O'Hara: Lions did what good teams do, they kept playing through adversity to win 34-24

Posted Sep 8, 2013

Though the first half resembled unsuccessful Lions teams of old, this year's squad persevered and came away with the win

By the eye test alone, it might have looked like the Lions had invited one of the losing teams from last year's state high school football championship games to hang close to Ford Field for nine months and serve as the hand-picked opponent for their opening game of the NFL's 2013 season.

That's how one-sided the first quarter was in favor of the Lions in Sunday's game against the Vikings.

The Lions had a 9-1 lead in first downs, 162-79 in yards gained and 25-4 in offensive plays run. The Vikings had the ball for a little more than two minutes. It looked like a walk-over.

But a little thing called the scoreboard, and an immense talent named Adrian Peterson told a different story. And the scoreboard had the Vikings in the lead, 7-3, off Peterson's 78-yard touchdown run on the Vikings' first offensive play.

There had to be visions in the heads of some people about games lost in previous seasons, when the Lions lost games that they dominated on the stats sheet.

Those thoughts never entered the Lions' minds Sunday – and they didn't end up on the scoreboard in what ultimately became a 34-24 Lions victory.

The Lions did what good teams do. They kept playing through adversity, created in equal parts by themselves and the brilliance of Peterson that accounted for all three Minnesota touchdowns.

There was no doubt which was the better team on Sunday, but the outcome was very much in doubt until Matthew Stafford hit rookie tight end Joseph Fauria for the clinching touchdown with 6:47 left.

Joseph FauriaTE Joseph Fauria (Photo: G.Smith/Detroit Lions)

That closed out the scoring and put the game in the hands of Detroit's defense to hold the lead. And it did just that, finally sealing the game on safety Glover Quin's interception with 1:20 left.

After the game, Coach Jim Schwartz was asked if last year's team would have been able to overcome its mistakes and misplays.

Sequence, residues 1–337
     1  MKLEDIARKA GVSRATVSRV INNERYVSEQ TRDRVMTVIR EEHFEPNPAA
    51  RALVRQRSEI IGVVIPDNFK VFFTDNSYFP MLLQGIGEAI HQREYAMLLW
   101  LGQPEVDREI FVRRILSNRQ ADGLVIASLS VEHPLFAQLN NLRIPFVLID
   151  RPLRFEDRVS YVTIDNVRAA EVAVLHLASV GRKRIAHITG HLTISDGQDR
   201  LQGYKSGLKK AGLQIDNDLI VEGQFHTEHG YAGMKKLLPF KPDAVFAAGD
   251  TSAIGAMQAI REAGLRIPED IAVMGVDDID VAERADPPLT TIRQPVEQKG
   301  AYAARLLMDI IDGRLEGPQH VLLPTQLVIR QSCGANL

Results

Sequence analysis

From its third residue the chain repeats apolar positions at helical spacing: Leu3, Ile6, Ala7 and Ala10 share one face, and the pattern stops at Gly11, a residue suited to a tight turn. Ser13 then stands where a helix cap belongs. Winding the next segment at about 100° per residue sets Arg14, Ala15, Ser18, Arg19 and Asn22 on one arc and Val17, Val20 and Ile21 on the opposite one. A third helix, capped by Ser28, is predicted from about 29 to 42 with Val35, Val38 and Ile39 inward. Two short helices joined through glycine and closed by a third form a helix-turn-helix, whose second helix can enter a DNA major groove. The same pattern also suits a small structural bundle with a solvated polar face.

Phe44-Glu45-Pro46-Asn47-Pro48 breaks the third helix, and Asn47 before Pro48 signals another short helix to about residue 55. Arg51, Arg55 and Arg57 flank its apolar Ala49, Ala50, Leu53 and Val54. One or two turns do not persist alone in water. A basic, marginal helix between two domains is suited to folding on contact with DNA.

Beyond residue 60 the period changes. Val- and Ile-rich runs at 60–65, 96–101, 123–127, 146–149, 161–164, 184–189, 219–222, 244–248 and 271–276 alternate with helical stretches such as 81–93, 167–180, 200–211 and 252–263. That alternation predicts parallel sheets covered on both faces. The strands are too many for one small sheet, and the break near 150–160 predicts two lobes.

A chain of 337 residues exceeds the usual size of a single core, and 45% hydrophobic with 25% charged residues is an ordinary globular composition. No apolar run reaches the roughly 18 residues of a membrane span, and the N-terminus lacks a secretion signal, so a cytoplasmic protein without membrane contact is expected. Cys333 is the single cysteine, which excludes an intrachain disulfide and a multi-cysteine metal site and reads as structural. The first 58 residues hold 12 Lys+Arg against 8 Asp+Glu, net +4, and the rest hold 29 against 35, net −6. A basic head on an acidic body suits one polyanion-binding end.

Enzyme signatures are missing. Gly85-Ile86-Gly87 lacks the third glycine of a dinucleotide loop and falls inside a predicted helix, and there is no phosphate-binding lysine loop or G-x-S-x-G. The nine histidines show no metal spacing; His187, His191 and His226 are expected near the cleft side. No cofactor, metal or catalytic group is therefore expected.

"I don't know," Schwartz said. "We have some firepower, and the offense never lost faith because they kept on driving the football, so it's easy to keep faith.

"Defense, after we gave up the one play (Peterson's TD run) -- you have to be resilient.  That's a (Vikings) team that was a playoff team last year that has one of the outstanding players in the NFL – not just Adrian Peterson, but defensively, great left tackle, skill guys. That's a very, very good football team.

‘That was a playoff team. It was a division opponent. I can't talk on last year. All I know is we won it."

The first half was an exercise in frustration for the Lions. The fact that they overcame it says something about their fabric. They faced a 14-13 deficit at the intermission and didn't get the lead until Joique Bell's one-yard TD run put them in front, 20-14, just before the five-minute mark of the third quarter.

After that, the Lions never trailed.

They did some good things. On offense, Reggie Bush gave them a game-breaking threat that they've lacked while Bell was superb in a backup role with 25 yards rushing, 67 receiving and two TD runs.

The front four on defense put the clamps on Peterson, except for his long run, and kept the heat on Vikings quarterback Christian Ponder late in the game to thwart any comeback attempt.

The biggest downer was penalties – 11 for 88 yards. They remain a problem that has not been cleared up.

The Lions lost a touchdown on DeAndre Levy's interception return when Ndamukong Suh was flagged for a low block on the return. It was still Lions ball, but the Vikings got it back on the next play when Stafford's pass was deflected at the line and intercepted.

The Lions muffed a field-goal attempt on their first possession when rookie punter Sam Martin dropped the snap from center.

And in the second half, a fumble recovery on a sack by rookie Ziggy Ansah was nullified because Ansah was offside.

Bush was asked what the message was in the locker room at halftime.

"Stop beating ourselves," Bush said. "It was never a doubt in my mind that we weren't going to come back."

Schwartz had to be in shock watching Peterson go 78 yards for a TD. The Lions took the opening kickoff and had the ball for 11 snaps and more than four minutes and all they got out of it was a botched field goal attempt.

Peterson's run took 13 seconds, and the Vikings had a 7-0 lead.

"We worked all offseason on stopping Adrian Peterson, and the first play he goes 80," Schwartz said, stretching the run by three yards. "It seemed like every replay went against us. They were all good calls."

He was talking about replay reviews that overturned two apparent TDs – a catch by Calvin Johnson in the first quarter and a run by Bush in the second.

"The team stuck together," Schwartz said. "They stuck with the plan. We didn't let a bobbled snap or a replay or anything else go against us or take away from us.

"I think that was probably the biggest thing to come out of it. It was a team win."